3. Analyze To Come To A Decision
One needs to be aware that we need not reinvent the wheel. We only need analyze the information to achieve better understanding in the areas that lack clarity. In those areas in which we are already clear, there is no need for more analysis.
The purpose of our thinking and analysis is to help make a decision. It should not be analysis for analysis’ sake. A better way is to set specific areas where clear decisions need to be made. Then go ahead with the thinking and analysis to arrive at those decisions.
4. Moving From Negativity To Positivity
A lot of overthinking may arise from negative mindsets with constant worrying about the past as well as concerns about the future. Often worrying about what could go wrong will get one to stall under the pretext of waiting for more information or analysis.
Too much negativity will certainly dampen one’s courage to take action. Many would justify that in view of the risks of what could go wrong, they need more thinking and rethinking on various issues. While a little caution with an exploration of contingencies is a good measure, taking an over-cautious stance with great doses of pessimism will wreak havoc on good decision-making.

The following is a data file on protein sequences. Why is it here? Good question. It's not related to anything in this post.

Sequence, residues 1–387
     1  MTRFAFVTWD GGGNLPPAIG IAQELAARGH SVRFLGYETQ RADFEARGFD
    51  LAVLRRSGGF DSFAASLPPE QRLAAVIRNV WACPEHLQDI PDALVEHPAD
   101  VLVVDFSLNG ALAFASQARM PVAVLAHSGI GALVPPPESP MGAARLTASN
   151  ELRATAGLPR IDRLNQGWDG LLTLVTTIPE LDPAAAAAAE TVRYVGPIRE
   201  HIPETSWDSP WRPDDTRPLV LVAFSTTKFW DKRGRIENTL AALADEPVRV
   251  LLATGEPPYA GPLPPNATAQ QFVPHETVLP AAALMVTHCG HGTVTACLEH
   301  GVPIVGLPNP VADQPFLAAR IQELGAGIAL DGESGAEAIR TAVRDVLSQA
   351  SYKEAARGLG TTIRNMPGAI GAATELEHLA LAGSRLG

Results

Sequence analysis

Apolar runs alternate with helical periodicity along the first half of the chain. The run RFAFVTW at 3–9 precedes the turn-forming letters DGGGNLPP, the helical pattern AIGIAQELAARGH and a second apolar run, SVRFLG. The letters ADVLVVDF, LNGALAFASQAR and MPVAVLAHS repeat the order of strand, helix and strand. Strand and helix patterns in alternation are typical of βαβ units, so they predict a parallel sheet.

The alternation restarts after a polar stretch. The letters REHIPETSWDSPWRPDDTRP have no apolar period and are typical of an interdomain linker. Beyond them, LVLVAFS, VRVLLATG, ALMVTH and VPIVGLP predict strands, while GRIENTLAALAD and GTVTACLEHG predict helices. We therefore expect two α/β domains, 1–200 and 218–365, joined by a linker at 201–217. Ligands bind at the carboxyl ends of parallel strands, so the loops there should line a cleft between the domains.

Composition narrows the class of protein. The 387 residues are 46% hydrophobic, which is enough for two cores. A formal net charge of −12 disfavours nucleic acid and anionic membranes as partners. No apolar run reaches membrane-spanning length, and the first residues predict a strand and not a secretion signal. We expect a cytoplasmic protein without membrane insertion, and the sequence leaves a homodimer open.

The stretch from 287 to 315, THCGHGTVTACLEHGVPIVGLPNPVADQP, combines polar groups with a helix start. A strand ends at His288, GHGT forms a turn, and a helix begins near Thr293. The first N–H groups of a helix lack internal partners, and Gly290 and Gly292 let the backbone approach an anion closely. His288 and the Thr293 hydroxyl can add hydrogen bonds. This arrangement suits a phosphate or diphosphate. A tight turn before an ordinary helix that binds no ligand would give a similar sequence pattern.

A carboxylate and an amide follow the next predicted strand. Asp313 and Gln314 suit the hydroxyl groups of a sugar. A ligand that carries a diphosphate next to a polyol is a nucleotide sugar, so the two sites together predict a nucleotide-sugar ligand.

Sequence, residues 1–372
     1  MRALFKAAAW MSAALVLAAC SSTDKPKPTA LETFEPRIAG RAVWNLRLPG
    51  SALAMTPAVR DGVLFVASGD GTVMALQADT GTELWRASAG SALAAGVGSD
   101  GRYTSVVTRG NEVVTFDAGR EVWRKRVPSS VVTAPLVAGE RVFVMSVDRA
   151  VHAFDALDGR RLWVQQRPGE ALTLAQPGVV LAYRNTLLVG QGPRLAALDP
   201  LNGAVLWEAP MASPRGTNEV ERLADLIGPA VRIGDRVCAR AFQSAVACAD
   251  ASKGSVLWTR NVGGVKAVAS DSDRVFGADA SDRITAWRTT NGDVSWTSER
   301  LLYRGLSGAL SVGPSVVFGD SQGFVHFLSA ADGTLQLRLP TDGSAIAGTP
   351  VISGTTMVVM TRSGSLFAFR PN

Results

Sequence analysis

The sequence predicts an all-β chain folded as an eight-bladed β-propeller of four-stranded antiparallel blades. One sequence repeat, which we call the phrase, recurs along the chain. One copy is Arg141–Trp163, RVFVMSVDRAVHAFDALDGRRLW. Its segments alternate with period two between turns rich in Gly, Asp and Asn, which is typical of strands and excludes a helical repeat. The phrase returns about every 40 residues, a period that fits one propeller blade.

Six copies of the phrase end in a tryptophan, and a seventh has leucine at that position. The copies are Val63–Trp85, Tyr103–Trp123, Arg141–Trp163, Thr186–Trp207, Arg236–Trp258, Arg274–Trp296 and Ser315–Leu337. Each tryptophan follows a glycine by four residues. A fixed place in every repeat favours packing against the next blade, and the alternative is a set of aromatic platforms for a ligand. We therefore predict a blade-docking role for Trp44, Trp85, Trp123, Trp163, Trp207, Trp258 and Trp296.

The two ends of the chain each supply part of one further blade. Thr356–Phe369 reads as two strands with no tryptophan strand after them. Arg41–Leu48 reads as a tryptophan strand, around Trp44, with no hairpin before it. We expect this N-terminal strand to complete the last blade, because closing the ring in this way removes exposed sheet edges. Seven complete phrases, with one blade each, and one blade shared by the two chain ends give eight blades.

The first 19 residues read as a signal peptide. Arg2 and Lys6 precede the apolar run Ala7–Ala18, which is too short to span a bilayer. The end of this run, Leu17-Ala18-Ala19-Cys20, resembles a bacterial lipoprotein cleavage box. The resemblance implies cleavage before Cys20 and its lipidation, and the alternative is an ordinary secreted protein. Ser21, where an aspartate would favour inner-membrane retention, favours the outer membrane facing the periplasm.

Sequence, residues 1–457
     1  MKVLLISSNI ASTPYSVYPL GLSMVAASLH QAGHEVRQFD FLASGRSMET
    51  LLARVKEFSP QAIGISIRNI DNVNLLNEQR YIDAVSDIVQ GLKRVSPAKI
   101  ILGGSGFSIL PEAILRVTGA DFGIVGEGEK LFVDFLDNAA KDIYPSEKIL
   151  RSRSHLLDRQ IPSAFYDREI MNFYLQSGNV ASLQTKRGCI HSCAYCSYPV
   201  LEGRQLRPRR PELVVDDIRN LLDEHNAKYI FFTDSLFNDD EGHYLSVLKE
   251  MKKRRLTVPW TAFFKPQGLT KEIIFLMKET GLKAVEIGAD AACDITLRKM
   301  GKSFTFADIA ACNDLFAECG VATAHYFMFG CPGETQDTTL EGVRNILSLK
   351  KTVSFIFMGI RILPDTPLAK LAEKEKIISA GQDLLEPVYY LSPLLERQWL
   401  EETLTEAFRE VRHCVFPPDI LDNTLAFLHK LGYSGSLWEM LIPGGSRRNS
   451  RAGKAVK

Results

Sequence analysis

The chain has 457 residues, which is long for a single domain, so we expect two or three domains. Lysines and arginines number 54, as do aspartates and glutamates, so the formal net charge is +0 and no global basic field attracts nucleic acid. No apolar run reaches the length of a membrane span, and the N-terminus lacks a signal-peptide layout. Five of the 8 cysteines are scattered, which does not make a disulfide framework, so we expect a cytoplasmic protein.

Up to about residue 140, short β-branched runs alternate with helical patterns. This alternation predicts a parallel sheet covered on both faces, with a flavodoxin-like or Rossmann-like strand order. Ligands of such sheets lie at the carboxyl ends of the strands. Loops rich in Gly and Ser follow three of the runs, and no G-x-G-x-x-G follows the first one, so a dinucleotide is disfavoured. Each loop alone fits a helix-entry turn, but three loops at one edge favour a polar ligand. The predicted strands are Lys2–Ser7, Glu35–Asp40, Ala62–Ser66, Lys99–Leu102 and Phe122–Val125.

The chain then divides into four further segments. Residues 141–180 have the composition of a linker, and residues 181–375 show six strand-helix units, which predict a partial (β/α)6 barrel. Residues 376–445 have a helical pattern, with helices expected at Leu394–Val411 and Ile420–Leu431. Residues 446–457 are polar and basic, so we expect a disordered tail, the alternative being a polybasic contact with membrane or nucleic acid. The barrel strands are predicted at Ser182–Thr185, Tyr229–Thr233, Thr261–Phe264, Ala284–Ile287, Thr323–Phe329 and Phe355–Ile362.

Worrying forward leads to overthinking which is just creating problems that do not even exist. One of the ways to manage overthinking is by moving from what could go wrong to what could go right with the right strategies is a good way to move out of overthinking.
5. Execute To Achieve Productive Results
Thinking and more thinking would not create results. The missing link in most organizations is concrete actions. There are many leaders who love to have meetings after meetings to discuss over many things. The ills of overthinking are that they create a comfortable habit of inaction.
Inaction provides temporary refuge and comfort but over time it dents the credibility of leaders as they are eventually judged by the results they achieve. Without execution, there will be no results and without results, a leader is deemed to have failed.
In one of the ways to manage overthinking, is to execute what was planned.
6. Recognise And Reward Results
To discourage people from engaging in overthinking, organizations should realign their recognition and rewards towards result based. Assessing one’s work based on concrete and measurable results directly or indirectly is a good way to get people to move from overthinking to taking the right actions to get the desired results.
So there you have it, some of the ways to manage overthinking.
You need to stop overthinking, be a realist and not a perfectionist. Focus on getting things you want to be done right instead of things that could be done wrong.
About the Author
Dr. Victor SL Tan is the CEO of KL Strategic Change Consulting Group. He undertakes change management consulting and training. He is also the author of 14 management books. His bestseller books include Leading Positive & Productive Change and The Secret of Change. For more information email him at firstname.lastname@example.org or contact him at 012-3903168.